in our 10-Q filing, you will see that when compared to the first quarter of 2009:

  • Operating Expenses declined by $1.4 million;
  • Inventory levels were more than $38 million lower;
  • Even with higher sales, our receivables were more than $10 million lower;
  • And as a result of these efforts we were able to reduce our debt by nearly $45 million.

These are important accomplishments, and it is our intention to continue this focus on balance
sheet strength throughout 2010 and beyond.
During the quarter, we continued to work on several projects that involve either the acquisition or
licensing of products that can strengthen our existing portfolio. Similarly, we continue the work
that we discussed in our last conference call involving our in-house product development
program. We are making good progress in all of these pursuits and our future growth potential
will be enhanced by these efforts.
As I indicated in our press release this morning, the combination of more favorable market
conditions, increased demand in several key crops, more efficient manufacturing operating
rates, improved organizational capabilities and judicious financial control should allow American
Vanguard to achieve better performance in 2010 and we are happy that these first quarter
results start us on that path.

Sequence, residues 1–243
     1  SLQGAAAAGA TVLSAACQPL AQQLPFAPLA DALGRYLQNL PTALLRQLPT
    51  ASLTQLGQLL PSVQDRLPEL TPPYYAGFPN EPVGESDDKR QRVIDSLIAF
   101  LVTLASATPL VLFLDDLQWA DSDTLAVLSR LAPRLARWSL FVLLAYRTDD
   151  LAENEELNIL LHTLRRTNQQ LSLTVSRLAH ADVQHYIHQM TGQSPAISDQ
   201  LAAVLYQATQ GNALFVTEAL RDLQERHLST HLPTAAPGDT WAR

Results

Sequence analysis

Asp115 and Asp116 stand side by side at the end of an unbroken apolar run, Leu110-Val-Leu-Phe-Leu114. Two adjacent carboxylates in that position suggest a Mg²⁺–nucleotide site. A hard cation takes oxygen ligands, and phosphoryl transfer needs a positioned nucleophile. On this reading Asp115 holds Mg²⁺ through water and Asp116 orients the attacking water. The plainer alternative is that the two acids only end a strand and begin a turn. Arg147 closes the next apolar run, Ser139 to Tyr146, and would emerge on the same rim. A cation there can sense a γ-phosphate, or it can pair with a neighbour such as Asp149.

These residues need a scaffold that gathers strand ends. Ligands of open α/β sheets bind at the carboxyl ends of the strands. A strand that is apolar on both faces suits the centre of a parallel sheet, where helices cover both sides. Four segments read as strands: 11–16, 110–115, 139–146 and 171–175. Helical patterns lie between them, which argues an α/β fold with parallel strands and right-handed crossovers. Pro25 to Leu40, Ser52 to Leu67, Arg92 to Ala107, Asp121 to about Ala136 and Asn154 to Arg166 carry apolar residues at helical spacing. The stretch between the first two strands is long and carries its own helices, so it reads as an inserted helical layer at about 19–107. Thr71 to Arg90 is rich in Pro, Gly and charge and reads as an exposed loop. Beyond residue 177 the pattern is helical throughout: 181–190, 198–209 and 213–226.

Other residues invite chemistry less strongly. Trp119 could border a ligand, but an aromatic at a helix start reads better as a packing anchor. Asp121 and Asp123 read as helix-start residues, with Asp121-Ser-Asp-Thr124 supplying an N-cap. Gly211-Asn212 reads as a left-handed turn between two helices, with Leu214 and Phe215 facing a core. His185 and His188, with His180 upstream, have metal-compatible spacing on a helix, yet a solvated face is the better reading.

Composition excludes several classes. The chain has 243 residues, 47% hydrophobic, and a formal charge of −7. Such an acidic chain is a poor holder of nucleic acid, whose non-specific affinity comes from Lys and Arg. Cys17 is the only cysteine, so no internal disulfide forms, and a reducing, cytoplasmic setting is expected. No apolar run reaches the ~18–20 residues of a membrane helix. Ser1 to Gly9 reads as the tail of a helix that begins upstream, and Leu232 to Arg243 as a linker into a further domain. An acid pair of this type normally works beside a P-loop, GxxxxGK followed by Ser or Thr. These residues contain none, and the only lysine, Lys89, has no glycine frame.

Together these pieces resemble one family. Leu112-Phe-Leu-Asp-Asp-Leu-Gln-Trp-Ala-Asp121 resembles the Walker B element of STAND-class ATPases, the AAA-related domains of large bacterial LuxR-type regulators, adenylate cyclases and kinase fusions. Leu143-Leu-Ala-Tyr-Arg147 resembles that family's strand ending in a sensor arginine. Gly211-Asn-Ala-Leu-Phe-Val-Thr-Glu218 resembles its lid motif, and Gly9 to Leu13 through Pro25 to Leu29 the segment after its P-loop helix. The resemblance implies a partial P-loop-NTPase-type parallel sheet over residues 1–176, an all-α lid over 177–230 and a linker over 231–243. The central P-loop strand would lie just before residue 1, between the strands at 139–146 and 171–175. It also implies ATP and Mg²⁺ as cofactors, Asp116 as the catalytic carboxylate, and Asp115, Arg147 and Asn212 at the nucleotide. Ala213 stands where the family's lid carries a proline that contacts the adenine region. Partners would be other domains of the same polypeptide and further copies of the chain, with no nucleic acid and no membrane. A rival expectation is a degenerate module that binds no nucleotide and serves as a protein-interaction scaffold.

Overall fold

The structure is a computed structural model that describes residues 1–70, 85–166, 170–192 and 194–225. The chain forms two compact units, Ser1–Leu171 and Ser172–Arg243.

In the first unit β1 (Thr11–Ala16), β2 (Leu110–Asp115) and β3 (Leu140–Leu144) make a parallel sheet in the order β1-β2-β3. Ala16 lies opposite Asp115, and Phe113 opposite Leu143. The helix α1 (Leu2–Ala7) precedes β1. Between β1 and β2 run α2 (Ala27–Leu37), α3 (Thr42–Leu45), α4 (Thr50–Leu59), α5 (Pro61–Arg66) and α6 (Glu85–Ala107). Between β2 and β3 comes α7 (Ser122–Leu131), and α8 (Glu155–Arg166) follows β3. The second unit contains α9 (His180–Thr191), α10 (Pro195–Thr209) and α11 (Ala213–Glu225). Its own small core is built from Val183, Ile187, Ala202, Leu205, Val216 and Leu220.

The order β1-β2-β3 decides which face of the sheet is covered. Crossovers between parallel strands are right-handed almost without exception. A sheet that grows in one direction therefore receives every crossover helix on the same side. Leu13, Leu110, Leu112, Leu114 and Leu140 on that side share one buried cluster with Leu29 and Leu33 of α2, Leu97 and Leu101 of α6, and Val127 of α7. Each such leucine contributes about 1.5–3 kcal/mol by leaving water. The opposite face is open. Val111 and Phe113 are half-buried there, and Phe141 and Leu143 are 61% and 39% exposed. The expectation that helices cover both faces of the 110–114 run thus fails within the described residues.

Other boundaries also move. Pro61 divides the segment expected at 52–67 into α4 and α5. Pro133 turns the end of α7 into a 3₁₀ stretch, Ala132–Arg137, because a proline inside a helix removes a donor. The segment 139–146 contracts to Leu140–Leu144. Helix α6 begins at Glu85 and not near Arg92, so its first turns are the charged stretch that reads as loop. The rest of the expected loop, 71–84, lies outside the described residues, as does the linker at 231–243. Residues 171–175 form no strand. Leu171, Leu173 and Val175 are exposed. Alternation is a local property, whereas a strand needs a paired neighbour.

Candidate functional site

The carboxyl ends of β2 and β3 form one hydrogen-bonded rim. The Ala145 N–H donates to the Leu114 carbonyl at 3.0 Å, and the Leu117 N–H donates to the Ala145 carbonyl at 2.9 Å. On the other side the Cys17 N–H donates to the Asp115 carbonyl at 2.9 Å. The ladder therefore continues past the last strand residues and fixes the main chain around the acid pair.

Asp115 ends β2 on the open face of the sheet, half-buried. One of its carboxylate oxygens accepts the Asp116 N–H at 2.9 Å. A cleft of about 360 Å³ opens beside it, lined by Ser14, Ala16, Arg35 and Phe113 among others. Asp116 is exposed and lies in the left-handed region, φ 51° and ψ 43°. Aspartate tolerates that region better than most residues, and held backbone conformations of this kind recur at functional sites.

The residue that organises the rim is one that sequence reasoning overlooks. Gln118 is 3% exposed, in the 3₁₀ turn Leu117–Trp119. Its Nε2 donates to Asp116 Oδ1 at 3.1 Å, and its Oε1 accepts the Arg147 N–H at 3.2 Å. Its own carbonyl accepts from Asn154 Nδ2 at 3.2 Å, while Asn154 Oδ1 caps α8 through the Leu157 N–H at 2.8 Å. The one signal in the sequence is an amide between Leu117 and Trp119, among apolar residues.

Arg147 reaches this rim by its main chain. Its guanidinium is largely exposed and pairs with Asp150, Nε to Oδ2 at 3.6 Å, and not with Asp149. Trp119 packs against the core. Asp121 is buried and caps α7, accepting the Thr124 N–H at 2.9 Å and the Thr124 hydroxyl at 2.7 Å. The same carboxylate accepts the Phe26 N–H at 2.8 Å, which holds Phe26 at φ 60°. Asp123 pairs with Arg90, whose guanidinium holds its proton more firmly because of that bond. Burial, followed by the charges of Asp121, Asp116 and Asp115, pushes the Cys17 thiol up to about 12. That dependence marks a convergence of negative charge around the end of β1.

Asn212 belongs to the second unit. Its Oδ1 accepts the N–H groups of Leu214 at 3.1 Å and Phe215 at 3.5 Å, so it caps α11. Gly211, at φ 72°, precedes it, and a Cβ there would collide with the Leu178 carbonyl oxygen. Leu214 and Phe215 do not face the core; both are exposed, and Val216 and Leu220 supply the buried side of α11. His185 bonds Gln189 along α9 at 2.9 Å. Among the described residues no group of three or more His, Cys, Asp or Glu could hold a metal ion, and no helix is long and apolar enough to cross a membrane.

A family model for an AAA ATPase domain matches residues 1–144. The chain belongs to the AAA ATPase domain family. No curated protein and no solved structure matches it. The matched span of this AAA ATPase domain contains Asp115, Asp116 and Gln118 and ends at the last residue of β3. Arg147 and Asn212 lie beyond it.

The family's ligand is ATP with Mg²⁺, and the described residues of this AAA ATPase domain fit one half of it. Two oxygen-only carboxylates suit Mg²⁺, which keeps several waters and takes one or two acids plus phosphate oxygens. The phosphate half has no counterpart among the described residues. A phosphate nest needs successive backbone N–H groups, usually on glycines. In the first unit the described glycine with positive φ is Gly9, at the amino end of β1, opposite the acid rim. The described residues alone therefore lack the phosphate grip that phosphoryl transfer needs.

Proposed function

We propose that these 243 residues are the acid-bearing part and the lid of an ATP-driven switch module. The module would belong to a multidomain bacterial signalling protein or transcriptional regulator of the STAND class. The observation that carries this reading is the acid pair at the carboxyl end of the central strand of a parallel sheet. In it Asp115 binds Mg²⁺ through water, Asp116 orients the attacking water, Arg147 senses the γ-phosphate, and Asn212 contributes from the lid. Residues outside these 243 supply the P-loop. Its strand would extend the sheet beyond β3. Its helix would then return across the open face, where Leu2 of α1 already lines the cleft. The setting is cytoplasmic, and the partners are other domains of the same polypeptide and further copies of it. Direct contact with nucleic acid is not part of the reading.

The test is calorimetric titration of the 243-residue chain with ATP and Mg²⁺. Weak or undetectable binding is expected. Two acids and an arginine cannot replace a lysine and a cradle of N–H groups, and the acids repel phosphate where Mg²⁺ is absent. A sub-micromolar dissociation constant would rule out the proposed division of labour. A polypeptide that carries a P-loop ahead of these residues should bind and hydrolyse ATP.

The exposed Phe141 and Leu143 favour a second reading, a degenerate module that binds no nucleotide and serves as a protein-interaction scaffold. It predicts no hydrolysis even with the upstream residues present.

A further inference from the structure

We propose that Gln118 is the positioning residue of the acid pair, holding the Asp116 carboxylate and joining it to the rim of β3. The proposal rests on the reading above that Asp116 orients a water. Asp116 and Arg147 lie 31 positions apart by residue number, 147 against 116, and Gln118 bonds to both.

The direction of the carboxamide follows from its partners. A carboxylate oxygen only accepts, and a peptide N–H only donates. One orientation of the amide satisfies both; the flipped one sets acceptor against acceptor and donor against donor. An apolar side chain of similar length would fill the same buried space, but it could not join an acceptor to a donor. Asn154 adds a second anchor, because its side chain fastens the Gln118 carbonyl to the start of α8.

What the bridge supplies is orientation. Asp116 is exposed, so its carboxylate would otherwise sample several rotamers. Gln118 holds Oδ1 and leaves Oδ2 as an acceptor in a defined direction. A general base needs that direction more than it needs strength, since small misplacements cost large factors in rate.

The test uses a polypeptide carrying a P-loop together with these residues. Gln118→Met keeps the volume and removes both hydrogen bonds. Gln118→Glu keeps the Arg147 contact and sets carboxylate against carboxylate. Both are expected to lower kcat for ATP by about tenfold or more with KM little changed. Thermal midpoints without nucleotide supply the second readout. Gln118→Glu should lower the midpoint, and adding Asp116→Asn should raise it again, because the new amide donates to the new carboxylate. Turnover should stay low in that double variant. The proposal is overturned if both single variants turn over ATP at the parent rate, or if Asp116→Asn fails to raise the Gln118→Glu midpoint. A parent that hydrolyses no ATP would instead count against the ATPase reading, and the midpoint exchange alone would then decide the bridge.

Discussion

I will now ask David to fill you in on some of the most important financial details.
David Johnson
Thank you, Eric.
As mentioned, American Vanguard’s sales revenues increased by 5% to $46.7 million in Q1 of
2010 in comparison to $44.6 million in the same quarter of 2009. Trevor will provide product line
detail and explanations of the factors that led to this overall result.
1Q10 Earnings Conf Call Transcript
Dated 05/06/10 PAGE 3
Our cost of sales for Q1 of 2010 was $27.8 million or 59% of net sales compared to $26.1
million and 58% of net sales for the same period in 2009. As we have discussed in recent
conference calls, there are several factors that explain this result.

  • We have continued to focus hard on inventory levels making sure that we produce what we need to produce and no more. The benefit is evident in the balance sheet but the downside is continued under absorption of fixed factory operating costs
  • We have significantly lower tolling sales recorded in this quarter compared to the same period of 2009
  • We continue to address aggressive price competition internationally.